“Good lord, that startled me!” Jenny cries, hand to her chest. “The last time I came to one of these, the carcass flat-out exploded from the pressure and burst right open in our faces.”

“Really,” is all I manage to say. The water laps at my calves and I feel myself involuntarily start to sway.

“Are you okay?” Jenny asks. “You look like you’re about to pass out.”


The second, more recent termination of my own pregnancies had been more difficult than the first because of the sense that it should’ve been avoidable somehow given how unpleasant the first time had been. But Ismael is Catalonian and claims this makes him macho, in that he refuses to wear a condom but persists in having sex, and I have various pre-existing conditions including rheumatoid arthritis and a history of blood clots that make most medical birth control options difficult if not impossible, and so we arrived at the so-called rhythm method, though it turns out that I’m not very rhythmic, reproductively or otherwise. I can’t dance either.

When I’d emerged from the bathroom in his apartment that first time after the initial round of cramping, he’d arranged a set of absorbent pee pads across his couch for me to lie down on. The kind used for potty training puppies.

“I’m wearing a maxi-pad big enough for a gorilla,” I told him.

“Well, in case you leak,” he said.

I accidentally sliced my finger the other day with a chef’s knife while slicing an onion, and it struck me in the moment that the two experiences progressed in a similar fashion. First there is the catch of breath and involuntary crying out. Then the waiting period, during which you hang numbly in a limbo of suspense and uncertainty — has it truly happened or was it only imagined? Then comes the clutching, the squeezing, the certainty of what’s to come. Then — finally — there is the long-awaited (or so it seems, anyway) seeping pool of blood.

After we picked up the medication the second time, I drove us back home, but to my place this time. He sat there in the passenger seat scanning the package as if he were carefully scrutinizing the instructions.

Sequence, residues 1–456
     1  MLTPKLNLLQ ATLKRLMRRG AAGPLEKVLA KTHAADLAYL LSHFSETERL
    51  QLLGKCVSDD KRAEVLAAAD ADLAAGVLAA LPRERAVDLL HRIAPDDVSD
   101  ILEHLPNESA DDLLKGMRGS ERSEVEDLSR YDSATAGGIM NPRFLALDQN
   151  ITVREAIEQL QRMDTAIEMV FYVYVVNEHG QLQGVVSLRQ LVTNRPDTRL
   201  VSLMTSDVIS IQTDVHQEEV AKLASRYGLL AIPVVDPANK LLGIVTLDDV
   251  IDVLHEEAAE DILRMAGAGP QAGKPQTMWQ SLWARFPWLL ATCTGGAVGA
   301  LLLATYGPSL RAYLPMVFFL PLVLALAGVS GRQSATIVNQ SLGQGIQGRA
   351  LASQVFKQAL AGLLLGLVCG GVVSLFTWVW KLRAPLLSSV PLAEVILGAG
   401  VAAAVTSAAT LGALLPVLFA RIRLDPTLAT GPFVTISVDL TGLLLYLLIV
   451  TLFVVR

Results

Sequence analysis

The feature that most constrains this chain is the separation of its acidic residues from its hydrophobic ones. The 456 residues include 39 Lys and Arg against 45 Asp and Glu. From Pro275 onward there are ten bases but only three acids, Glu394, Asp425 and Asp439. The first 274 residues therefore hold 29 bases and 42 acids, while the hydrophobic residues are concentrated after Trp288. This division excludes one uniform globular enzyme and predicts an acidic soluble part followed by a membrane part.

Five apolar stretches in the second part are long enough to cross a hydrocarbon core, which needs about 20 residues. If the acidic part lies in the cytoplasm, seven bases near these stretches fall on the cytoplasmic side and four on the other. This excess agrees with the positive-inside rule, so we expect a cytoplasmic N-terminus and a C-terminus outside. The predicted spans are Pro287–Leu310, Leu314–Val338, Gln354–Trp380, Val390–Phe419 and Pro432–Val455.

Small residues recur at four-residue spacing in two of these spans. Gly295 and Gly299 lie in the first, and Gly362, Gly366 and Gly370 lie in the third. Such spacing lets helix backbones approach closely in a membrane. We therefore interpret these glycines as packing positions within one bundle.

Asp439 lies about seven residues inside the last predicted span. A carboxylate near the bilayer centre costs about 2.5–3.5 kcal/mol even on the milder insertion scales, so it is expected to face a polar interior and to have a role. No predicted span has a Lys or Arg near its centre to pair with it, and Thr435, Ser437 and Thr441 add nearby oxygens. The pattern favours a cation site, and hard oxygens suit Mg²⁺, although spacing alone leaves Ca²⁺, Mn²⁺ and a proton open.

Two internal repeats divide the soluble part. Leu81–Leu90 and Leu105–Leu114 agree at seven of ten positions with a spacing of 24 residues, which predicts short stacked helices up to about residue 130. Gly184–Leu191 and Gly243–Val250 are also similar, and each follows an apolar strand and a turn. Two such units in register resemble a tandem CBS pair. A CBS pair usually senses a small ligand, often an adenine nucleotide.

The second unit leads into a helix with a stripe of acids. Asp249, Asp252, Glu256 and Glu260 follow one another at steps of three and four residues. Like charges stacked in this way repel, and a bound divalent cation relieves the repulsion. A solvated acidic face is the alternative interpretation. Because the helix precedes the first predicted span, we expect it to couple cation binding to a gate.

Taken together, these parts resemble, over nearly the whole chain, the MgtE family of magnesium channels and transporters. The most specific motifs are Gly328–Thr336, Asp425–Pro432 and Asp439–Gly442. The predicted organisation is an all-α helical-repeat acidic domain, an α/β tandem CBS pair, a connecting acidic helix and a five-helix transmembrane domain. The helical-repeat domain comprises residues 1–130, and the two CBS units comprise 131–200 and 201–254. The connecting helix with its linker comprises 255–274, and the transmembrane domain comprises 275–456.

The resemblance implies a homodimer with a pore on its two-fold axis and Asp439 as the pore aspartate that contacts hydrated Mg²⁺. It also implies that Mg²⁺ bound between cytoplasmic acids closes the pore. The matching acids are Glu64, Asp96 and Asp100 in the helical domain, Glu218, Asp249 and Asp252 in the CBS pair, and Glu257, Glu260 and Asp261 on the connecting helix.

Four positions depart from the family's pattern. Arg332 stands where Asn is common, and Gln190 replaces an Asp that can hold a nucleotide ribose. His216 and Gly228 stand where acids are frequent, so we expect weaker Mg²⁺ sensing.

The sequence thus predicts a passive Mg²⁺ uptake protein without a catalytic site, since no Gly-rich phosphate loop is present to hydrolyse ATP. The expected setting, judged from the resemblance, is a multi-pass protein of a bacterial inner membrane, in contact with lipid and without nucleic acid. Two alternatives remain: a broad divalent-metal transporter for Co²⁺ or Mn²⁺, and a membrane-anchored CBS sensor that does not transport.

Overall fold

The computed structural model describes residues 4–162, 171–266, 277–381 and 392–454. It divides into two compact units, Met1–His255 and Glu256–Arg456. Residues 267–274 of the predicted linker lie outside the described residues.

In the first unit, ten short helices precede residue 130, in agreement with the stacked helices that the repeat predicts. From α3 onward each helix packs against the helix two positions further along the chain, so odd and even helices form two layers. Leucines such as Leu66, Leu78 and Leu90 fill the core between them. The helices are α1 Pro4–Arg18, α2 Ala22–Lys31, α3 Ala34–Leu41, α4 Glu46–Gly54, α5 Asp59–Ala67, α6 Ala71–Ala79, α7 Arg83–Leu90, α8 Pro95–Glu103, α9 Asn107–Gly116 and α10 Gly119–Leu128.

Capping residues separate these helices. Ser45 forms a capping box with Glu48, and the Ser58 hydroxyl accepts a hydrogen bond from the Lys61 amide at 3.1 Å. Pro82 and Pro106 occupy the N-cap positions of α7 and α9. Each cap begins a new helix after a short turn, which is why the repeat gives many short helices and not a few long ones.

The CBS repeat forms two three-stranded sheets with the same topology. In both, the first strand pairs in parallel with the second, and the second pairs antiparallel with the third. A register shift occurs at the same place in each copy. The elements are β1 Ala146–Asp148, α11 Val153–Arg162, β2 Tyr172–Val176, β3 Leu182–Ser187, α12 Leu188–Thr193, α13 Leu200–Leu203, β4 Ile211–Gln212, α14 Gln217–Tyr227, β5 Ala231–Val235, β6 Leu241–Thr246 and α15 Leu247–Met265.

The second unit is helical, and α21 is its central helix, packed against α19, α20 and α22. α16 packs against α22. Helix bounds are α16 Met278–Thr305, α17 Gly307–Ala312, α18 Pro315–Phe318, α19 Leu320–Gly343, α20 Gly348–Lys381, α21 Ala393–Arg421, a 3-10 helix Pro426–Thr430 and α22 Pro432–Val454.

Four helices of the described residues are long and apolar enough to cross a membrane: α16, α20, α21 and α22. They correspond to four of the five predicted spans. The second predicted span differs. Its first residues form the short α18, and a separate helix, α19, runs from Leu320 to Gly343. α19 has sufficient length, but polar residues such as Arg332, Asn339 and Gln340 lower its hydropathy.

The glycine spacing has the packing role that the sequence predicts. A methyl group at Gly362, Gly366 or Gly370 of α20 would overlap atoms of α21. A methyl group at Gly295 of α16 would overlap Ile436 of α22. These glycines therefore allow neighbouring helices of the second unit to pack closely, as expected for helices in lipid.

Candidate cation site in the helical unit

“I forget — how long before we can have sex again after this?”

I looked around the dashboard in the ridiculous, futile hope of a hidden camera recording our conversation for posterity, but there of course wasn’t one. It must be me then; I must be crazy.

You would think that that comment alone — or any of the other myriad slights over the last several months — would have been enough for me to call it quits, even with the risk to my standing in the department, but I didn’t really hear him. Or I heard him, but it turns out that the more awful he was the more I felt that things were as they should be. That his treating me like shit was merely evidence that I was, in fact, a shitty human being. That he was exactly the man I deserved.


I turn and move away from the team through the shallow water hissing up the beach in the low tide. My trousers are wet and my shoes fill with mud, so it is slow going, plenty of time for Ismael to venture after me if he is so inclined but he isn’t. Instead, I hear him whooping and hollering behind me after that white whale that never was, like a hyena approaching a lion’s kill, and I am glad.

As I move farther away from the carcasses toward the parking lot, I am reminded of something I read as an undergraduate on the history of the whaling industry. The wives of whalers were left alone for years, and to encourage fidelity while they were away, husbands sometimes presented their wives with porcelain dildos from China. Only, the picture in the article depicted one found in Massachusetts that was made of plaster, suggesting it was homemade, perhaps by the wife herself. The head of this plaster dildo was peculiarly stained a deep reddish purple, a color which incidentally matches precisely the inside of a whale — maybe, too, a woman.

I trudge up the sand dunes picturing this 19th-century abandoned housewife seated before an earthen bowl with her sprinkling of lime, a cup of cement, and a pour of warm water from a jug — not realizing at first what she intended to make, exactly — then kneading the dough of it with cracked fingers into the particular size and shape that pleased her. What sort of smile must have graced her lips? What songs must she have sung, then? In my mind, the woman croons in a soft contralto: “Glory. Glory hallelujah.”


Marléne Zadig wants to go to the moon and figure out lucid dreaming. Meanwhile, she lives in Berkeley and writes fiction, which is almost the same. Her work appears in places like StoryQuarterly, Slice, Joyland, Michigan Quarterly Review, and in the aggregate at She’s a runner-up for both the 2017 Literary Awards at The Pinch and the 2016 StoryQuarterly Fiction Prize and is in the midst of writing a novel about wildfire.